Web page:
Lucas Paradox, Declining Labor Share, Tendency of Rate of Profit to Fall of Karl Marx and Growth Theory of the Firm

  •  Chao Chiung Ting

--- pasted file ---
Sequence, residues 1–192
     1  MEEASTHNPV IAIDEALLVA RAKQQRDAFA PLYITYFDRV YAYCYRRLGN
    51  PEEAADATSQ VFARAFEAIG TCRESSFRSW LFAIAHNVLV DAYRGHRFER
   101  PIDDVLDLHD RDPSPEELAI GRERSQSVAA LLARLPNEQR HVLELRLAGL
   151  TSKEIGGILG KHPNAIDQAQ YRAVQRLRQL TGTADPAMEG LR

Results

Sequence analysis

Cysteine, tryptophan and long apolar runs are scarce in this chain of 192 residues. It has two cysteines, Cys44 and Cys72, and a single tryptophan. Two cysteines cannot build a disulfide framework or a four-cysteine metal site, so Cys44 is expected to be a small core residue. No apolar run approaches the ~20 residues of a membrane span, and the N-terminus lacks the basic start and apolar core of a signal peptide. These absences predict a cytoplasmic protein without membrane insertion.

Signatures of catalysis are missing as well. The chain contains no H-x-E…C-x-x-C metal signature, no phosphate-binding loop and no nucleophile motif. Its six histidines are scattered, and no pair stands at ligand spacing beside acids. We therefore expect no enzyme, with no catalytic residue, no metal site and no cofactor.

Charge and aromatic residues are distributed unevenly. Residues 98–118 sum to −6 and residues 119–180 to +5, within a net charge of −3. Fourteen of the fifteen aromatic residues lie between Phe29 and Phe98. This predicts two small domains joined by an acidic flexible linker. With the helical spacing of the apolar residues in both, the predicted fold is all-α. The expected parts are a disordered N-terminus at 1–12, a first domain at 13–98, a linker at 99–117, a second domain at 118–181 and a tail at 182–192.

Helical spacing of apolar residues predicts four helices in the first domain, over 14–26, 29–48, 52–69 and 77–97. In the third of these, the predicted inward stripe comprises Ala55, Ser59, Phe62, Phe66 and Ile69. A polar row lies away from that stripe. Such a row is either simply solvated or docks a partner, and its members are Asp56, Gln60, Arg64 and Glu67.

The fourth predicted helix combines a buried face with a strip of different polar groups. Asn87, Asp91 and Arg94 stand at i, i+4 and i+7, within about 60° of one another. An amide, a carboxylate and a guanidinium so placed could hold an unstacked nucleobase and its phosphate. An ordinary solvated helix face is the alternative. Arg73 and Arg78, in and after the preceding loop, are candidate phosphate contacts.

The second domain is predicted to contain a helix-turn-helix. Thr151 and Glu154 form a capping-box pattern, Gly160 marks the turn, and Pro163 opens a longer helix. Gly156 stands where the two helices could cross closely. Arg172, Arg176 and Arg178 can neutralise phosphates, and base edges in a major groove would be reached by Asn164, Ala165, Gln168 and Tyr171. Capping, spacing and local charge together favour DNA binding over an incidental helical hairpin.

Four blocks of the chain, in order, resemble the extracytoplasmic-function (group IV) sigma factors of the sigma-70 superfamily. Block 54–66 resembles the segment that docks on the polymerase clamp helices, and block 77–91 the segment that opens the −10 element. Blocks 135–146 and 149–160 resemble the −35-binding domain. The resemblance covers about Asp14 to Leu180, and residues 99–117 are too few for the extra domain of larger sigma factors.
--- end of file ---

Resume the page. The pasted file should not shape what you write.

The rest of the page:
Macroeconomic phenomena we observe are supposed to be analogous to conclusions derived from microeconomic models because macroeconomic phenomena are aggregation of data coming from microeconomic events. Since the firm plays the central role to produce output, I use growth theory of the firm to predict macroeconomic phenomena as below. First, the law of diminishing marginal product does not operate although marginal product derived from production function diminishes because the firm increases supply of output by scale growth without change in capital-labor ratio, not by change in capital-labor ratio under fixed scale. Thus, profit rate of rich (capital abundant) country is unnecessarily less than poor (labor abundant) country due to the law of diminishing marginal product so that capital does not outflow from rich country to poor country. Lucas’ paradox is solved. Second, labor share is equal to capital share in the long run if capital and labor can substitute each other perfectly because the optimal capital-labor ratio of the firm is equal to the ratio of wage rate to return rate on capital, K⁄N=w⁄γ. That is, labor is relatively more expensive (less productive) than capital if labor share is greater than 50 percent. Since labor share has been higher than 50 percent of GDP (i.e., there is room to substitute capital for labor) for centuries, growth theory of the firm explains the long term trend of declining labor share. Third, labor share is countercyclical and capital share is cyclical in the short run because the amplitude of investment and profit fluctuation is greater than employment and wage. Fourth, the production function that the firm uses to produce is increasing return to scale, which implies not only cyclical co-movement of investment, employment, productivity and factor prices domestically but also unbalanced trade and factor price differentiation internationally. Fifth, diminishing marginal revenue makes wage growth rate less than growth rate of labor productivity and growth rate of return rate on capital less than growth rate of capital productivity. Sixth, growth theory of the firm asserts principle of acceleration in macroeconomics. Seventh, profit rate rises when GDP grows. Thus, tendency of rate of profit to fall predicted by Karl Marx is wrong. In appendix, I propose to statistically approximate the true production function in real world by Taylor series because production functions economists have ever proposed (e.g., Cobb-Douglas) are not proved to be true by economists.

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